Paragraph 4(a) of the STOP Policy requires that the Complainant must prove each of the following three elements to obtain an order that a domain name should be transferred:


(1)    the domain name is identical to a trademark or service mark in which the Complainant has rights; and

(2)    the Respondent has no rights or legitimate interests in respect of the domain name; and

(3) the domain name has been registered or is being used in bad faith.


Due to the common authority of the ICANN policy governing both the Uniform Domain Name Dispute Resolution Policy (“UDRP”) and these STOP proceedings, the Panel will exercise its discretion to rely on relevant UDRP precedent where applicable.


Under the STOP proceedings, a STOP Complaint may only be filed when the domain name in dispute is identical to a trademark or service mark for which a Complainant has registered an Intellectual Property (IP) claim form.  Therefore, every STOP proceeding necessarily involves a disputed domain name that is identical to a trademark or service mark in which a Complainant asserts rights.  The existence of the “.biz” generic top-level domain (gTLD) in the disputed domain name is not a factor for purposes of determining that a disputed domain name is not identical to the mark in which the Complainant asserts rights.


Complainant’s Rights in the Mark


            By virtue of its registration in three countries, the Complainant established its right to the trademark which is identical to the domain name claimed by the Respondent. This fact is not contested; rather, the Respondent’s response was that he planned to use the name in a generic sense.                                         


Respondent’s Rights or Legitimate Interests


            The Respondent did not attempt to prove that it is the owner or beneficiary of a trade or service mark that is identical to the domain name; nor did he claim use of or preparations to use the domain name in connection with a bona fide offering of goods or services; nor that he has been commonly known by the domain name. Because of the intended commercial nature of websites hosted at “.biz” domain names, STOP Policy Section 4( c) does not contemplate that a Respondent may demonstrate its rights/interests through legitimate or noncommercial fair use as the corresponding paragraph in the UDRP    does. Even when a Respondent represents that it intends to use a domain name for a commercial purpose, its use under STOP Policy Section 4( c)( ii) must be for a bona fide offering of goods or services.  For these reasons one must conclude that the Respondent has no rights or legitimate interest in the domain name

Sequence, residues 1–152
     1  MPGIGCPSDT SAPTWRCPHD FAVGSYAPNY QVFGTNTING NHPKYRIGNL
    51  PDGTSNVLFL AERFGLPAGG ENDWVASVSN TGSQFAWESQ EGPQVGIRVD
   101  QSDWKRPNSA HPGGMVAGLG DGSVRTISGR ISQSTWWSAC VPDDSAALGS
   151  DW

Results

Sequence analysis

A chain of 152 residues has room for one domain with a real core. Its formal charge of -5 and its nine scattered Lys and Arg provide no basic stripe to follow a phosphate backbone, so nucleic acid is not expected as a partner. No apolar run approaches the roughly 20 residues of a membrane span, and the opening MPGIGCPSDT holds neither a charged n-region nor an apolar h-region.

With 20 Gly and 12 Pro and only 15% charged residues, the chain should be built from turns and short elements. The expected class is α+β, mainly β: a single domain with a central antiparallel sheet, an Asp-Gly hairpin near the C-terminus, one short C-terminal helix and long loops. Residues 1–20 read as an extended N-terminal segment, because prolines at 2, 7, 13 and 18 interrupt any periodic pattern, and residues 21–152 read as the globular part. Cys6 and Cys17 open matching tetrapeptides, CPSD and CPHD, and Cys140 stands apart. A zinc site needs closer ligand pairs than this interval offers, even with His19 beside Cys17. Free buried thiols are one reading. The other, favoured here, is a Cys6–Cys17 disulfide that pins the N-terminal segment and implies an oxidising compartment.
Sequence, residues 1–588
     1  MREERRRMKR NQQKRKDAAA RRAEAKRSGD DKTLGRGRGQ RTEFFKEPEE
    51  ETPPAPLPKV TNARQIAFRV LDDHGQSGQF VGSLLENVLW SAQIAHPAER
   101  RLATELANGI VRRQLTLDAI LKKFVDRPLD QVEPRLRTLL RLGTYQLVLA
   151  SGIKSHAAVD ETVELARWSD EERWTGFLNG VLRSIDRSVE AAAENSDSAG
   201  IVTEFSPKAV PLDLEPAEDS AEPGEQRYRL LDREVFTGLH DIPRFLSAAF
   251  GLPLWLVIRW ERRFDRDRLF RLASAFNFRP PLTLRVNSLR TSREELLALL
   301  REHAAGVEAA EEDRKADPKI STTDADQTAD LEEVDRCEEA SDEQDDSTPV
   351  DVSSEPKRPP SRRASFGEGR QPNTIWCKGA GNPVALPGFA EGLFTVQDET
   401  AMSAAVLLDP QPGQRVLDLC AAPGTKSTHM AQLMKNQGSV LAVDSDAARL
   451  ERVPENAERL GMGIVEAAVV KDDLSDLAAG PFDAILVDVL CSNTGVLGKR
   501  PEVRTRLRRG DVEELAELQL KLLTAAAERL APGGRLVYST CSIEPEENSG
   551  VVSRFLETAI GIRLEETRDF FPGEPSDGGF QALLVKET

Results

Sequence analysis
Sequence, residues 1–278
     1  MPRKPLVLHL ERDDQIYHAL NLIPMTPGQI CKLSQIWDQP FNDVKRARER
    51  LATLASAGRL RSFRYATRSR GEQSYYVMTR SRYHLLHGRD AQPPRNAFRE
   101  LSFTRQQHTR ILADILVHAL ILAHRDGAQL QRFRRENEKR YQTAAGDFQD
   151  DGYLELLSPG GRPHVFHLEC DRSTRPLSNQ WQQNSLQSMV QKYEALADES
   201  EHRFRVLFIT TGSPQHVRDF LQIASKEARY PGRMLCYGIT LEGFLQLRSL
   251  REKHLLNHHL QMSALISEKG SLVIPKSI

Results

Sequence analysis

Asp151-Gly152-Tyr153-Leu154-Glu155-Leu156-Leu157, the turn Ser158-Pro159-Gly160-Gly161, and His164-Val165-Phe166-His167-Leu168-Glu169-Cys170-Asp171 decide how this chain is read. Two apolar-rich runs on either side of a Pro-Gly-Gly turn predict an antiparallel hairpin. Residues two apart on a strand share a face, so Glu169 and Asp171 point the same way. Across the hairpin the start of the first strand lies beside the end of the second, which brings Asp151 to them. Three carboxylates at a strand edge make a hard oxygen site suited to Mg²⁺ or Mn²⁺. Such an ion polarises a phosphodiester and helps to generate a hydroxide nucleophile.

Registration or Use in Bad Faith


           Evidence that the Respondent registered the domain name primarily for the purpose of selling, renting, or otherwise transferring the name to Complainant or its competitor for valuable consideration in excess of the Respondent’s out-of-pocket costs directly related to the domain name will satisfy the bad faith requirement of STOP Policy Section 4( b)(i). Some UDRP Panels have held that even general offers to sell, without a specific named price, will satisfy the bad faith element of the UDRP. See Am. Anti-Vivisection Soc’y v. “Infa dot Net” Web Serv., F 95685 (Nat. Arb. Forum Nov. 6, 2000) (finding that “general offers to sell the domain name, even if no certain price is demanded, are evidence of bad faith”).

           STOP claims differ from UDRP claims in one very significant and fundamental way. Unlike the UDRP, under STOP when a registrant (Respondent) registers a domain name for which an IP Claim was previously filed, the registrant is notified of  the  potential for trademark infringement before being allowed  to proceed with the registration. One Panel has held that registration of a domain name despite such notice, in appropriate circumstances, could “almost preclude any possibility of registration in good faith of a domain name.” See Gene Logic Inc. Bock, FA 103042 (Nat. Arb. Forum Mar.4, 2002). This appears to the Panel to be one of those occasions where the circumstances are appropriate and, therefore, I find that the Respondent’s registration was in bad faith.    



      The Complainant having met the requirements of Paragraph 4(a) of the STOP Policy and the Panel having found the registration to be in bad faith, the domain name <> shall be TRANSFERRED to the Complainant, and subsequent challenges under the STOP Policy against this domain name SHALL NOT be permitted.





Louis E. Condon, Panelist
Dated: July 3, 2002